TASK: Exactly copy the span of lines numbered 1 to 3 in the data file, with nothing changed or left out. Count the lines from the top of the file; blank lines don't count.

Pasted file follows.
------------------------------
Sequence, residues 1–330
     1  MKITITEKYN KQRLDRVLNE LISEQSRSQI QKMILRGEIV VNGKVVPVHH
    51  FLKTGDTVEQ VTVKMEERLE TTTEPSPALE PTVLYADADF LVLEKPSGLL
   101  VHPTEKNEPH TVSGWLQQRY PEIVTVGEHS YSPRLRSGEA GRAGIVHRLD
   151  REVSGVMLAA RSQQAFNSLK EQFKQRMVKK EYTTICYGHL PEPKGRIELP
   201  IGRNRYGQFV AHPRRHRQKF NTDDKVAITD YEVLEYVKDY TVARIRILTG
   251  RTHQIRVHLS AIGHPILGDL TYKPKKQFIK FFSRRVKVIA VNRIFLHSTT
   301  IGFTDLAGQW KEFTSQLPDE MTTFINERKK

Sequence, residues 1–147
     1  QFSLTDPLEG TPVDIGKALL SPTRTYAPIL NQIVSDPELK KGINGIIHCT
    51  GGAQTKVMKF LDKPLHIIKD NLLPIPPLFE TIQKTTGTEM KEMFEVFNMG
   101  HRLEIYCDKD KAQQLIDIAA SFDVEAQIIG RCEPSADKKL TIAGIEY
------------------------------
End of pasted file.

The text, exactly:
Sequence, residues 1–330
     1  MKITITEKYN KQRLDRVLNE LISEQSRSQI QKMILRGEIV VNGKVVPVHH
    51  FLKTGDTVEQ VTVKMEERLE TTTEPSPALE PTVLYADADF LVLEKPSGLL